Openhab android app sends commands after delay of 10-20 seconds

  • Platform information:
    • Hardware: Raspberry Pi 3B+
    • OS: Raspbian Lite
    • openHAB version: openHAB 2.5.0 Build #1619(in a docker container)
  • Issue of the topic: When I change the state of a sonoff switch running tasmota firmware through the app(while connecting through remote url), it takes around 15-20s to change the state of the switch. Is that some known bug in the app or am I missing something.
    However if I directly open the myopenhab.org in a web browser, it works instantly from there and also through the local url on the andoid app it again works instantly.

##Note: When connected through remote url in the app, If I turn on or off the switch, then press back button in the app, the switches change state as soon as back button is pressed.

Welcome to the openHAB Community :heart:

Okay, so if you switch the sonoff via the webUI of tasmota, the openHAB BasicUI (I guess) takes 15-20s to switch the state.
Yes I know this behavior, I had this myself. But since I switched to MQTT 2.X and config everything via PaperUI I never had this problem again.

It would be interesting to know which version of the MQTT Binding you are using.
If you did PaperUI config or manual text config.

Why would Paper UI or manual text configuration make a difference? I am just starting my newbie experience.

That my friend is a topic that got discussed so many times in the community :slight_smile: Just check the forum.

Generally spoken, PaperUI config is easier to use and you can’t make so much mistakes.
Just a quick example:

Textual / Manual MQTT

you will need to create the bridge thing in text, the thing in text, the item in text.
It’s like coding a single missing “,” or “</>” can change the whole behavior if you do not follow the manual.

PaperUI MQTT

Install Binding via Click.
Add MQTT Broker via Click.
Add MQTT Thing via Click.
Add Channels via Click.
Done. Working

THIS IS VERY VERY simplified! If you wish to know more about the differences pros/cons study the community forum and/or the docs.
google search

There are pros and cons. PaperUI comes into its own when there is an element of self-discovery about external devices/services. And as said, in places it guides you into predetermined sensible value selection.

When you are manually configuring though, I find it difficult to review a bunch of related Things; there’s no means to base a new thing on a previous thing (copy/paste/edit), it is not easy to share configs in a text based forum, etc. and I prefer to use xxx.things files.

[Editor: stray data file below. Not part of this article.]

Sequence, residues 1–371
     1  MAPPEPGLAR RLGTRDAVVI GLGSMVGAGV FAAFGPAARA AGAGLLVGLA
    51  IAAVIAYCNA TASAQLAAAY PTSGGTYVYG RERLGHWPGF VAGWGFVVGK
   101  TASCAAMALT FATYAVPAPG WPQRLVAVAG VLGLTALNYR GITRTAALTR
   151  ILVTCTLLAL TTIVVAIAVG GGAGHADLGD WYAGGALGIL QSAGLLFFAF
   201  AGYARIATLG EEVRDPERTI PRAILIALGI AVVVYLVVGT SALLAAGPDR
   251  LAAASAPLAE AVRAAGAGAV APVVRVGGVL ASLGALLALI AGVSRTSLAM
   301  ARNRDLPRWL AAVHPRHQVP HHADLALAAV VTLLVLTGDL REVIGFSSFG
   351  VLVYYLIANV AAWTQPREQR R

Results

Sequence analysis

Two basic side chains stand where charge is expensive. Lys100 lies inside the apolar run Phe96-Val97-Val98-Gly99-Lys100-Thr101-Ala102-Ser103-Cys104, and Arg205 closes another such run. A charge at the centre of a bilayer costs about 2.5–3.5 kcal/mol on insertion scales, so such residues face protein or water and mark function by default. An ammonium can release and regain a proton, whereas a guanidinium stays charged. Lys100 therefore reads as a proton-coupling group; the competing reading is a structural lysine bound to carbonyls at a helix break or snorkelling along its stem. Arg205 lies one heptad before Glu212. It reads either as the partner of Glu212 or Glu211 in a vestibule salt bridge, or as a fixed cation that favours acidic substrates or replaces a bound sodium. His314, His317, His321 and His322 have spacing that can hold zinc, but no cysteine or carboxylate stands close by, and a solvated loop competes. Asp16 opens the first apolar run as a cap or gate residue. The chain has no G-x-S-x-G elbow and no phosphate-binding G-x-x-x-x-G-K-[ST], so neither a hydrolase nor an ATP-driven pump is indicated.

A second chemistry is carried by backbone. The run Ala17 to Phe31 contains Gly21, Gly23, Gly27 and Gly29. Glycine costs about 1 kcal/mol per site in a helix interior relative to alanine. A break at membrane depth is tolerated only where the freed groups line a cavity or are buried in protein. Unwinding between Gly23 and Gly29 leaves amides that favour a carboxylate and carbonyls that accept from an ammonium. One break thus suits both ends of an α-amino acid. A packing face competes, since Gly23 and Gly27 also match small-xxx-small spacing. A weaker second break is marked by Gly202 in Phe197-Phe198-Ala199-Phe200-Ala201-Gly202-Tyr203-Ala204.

Thanks.

I personally have been referring the text configuration wherever possible but I use HABmin for zwave discovery & config and for some discovery of things like weather & systemInfo.
Like I guessed, it depends very much on the particular binding requirements.

There’s no easy means. When I converted over to MQTT 2 I created one Generic Thing in PaperUI, stopped OH, then copied/pasted/edited that entry in JSONDB to create all the other MQTT Things/Channels I needed. It worked pretty well.

This has indeed been argued over quite a bit. Probably about a thousand posts have been made over it.

I’ll provide a bit of a tl;dr here for why it makes a difference. I am not reopening the discussion about how/whether to change this in openHAB 3. I’m just explaining how it works now and why.

It all started with openHAB 1.x. In this version of openHAB everything had to be configured with text files. The text config files are all a custom syntax based on Xtext (including the Rules DSL which is sort of a sibling of Xbase). So all the text config files you see are essentially hold overs from openHAB 1.x. Because everything was in text files, and one of the problems with these file formats is there is no file writer, automatic discovery was impossible. Every Item had to be configured with binding specific information, some of which had to come from watching log files for magic numbers and api keys and the like.

openHAB 2.0 was a near complete rewrite of the openHAB core. It introduced a pretty extensive REST API, moved to Karaf, internal storage for configuration (JSONDB), web based UIs for configuration, and the concepts of Things, Channels, and Links. Most of these changes including the JSONDB and new concepts were introduced to allow for automatic discovery of devices. But these changes and the rewrite involved a whole new way for bindings to work meaning that all the old OH 1.x bindings were no longer compatible with OH 2.